What Qualifies as Self-Employed?
To begin with, a person who is classified as an “employee” under US common law ...
does not qualify as self-employed. Detailed definitions of employee status are provided in the Employment Tax Regulations, under sections on FICA Regulations, FUTA Regulations and Federal Income Tax Withholding Regulations. In general, these sections state that an employee is someone who works for an employer. An employer, on the other hand, is a person or company that has the authority over the employee regarding the work he has to do.
The Internal Revenue Service has provided guidelines on what it means to be an employee under common law. The label of “employer” or “employee” are not necessarily definitive. Twenty factors need to be considered to sufficiently define an employer-employee setup, and these serve to determine the amount of authority the employer has over the worker. For instance, an employee is required to follow instructions regarding how, when and where to work. Overall, an employer has complete control over hiring, directing and paying the employee for his services, and is responsible for providing the resources (such as tools and training) for accomplishing the work.
If the IRS guidelines determine that the worker is essentially an independent contractor or freelancer, he will be considered by the IRS as self-employed and he thus liable for self-employment tax.
Whether you are a US citizen living in-country, a permanent resident, or an American citizen living abroad, the same rules apply. Of course, things can be rather confusing when you’re working overseas, since local employment laws may have an effect. If you have any uncertainty about your employment status, it will benefit you to seek expert advice on US taxation.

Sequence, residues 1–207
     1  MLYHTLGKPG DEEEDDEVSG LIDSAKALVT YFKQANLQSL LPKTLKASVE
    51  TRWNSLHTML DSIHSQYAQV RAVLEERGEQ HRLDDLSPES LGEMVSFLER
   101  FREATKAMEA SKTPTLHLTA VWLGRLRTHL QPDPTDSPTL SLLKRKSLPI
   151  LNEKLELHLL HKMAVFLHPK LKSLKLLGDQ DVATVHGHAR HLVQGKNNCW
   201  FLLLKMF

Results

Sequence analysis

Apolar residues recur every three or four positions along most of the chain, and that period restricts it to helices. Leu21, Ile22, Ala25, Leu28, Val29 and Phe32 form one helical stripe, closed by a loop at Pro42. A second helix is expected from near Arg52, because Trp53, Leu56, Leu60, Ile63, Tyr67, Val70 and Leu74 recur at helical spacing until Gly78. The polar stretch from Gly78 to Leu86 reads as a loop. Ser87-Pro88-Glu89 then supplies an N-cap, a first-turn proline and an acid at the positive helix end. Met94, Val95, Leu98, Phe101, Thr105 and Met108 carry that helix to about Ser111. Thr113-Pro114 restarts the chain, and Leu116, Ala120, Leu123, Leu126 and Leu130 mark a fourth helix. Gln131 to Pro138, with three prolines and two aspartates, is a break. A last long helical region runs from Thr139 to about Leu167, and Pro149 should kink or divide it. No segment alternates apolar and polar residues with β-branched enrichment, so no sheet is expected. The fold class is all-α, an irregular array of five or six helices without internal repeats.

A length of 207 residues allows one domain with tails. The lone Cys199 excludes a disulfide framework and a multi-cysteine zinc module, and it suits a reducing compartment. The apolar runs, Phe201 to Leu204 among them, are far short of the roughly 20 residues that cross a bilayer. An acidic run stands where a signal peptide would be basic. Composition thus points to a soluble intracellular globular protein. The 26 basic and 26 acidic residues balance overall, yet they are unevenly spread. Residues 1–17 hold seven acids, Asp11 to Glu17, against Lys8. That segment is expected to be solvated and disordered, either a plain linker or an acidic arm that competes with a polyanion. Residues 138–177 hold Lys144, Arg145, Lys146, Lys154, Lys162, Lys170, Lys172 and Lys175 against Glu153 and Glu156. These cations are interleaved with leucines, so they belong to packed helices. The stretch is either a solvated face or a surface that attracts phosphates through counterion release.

How Often is Self-Employment Tax Paid?
You’re likely required to pay estimated taxes every quarter if you’re self-employed. Estimated tax may be used as reference for paying your self-employment tax. If you need more information, you can consult the IRS Publication 505, on Tax withholding and Estimated Tax.
How Does the Foreign Earned Income Exclusion (FEIE) Apply?
To take advantage of the FEIE, you need to take into account your entire profit from self-employment, including earnings that have exemptions. If you aren't acquainted with the FEIE, here is a brief explanation: The FEIE states that Americans living and working abroad may qualify for certain tax exemptions for their income and accommodation expenses funded by their employers. If you are self-employed however, you won’t have exemptions for employer-paid accommodations. Instead, a housing deduction may be considered, which will decrease your taxable income. In this case, both the housing deduction and the FEIE will be computed based on your net income. Naturally, you will need to determine your business income correctly for you to come up with the accurate exemptions.
These basic rules apply whether you incur any foreign taxes or not. Perhaps most importantly, the benefits can only be claimed if you file a US tax return.
Is There a Way to Avoid Self-Employment Tax?
Self-employed individuals working abroad may choose to circumvent this tax by creating a foreign entity, like a company, and then establish themselves as paid employees of this entity. This entitles them to the FEIE and eliminates self-employment tax.
However, this option needs to be evaluated cautiously. Several factors need to be considered, such as the US tax requirements for a privately-owned foreign company. It is, of course, best to consult an expert on US expat taxation.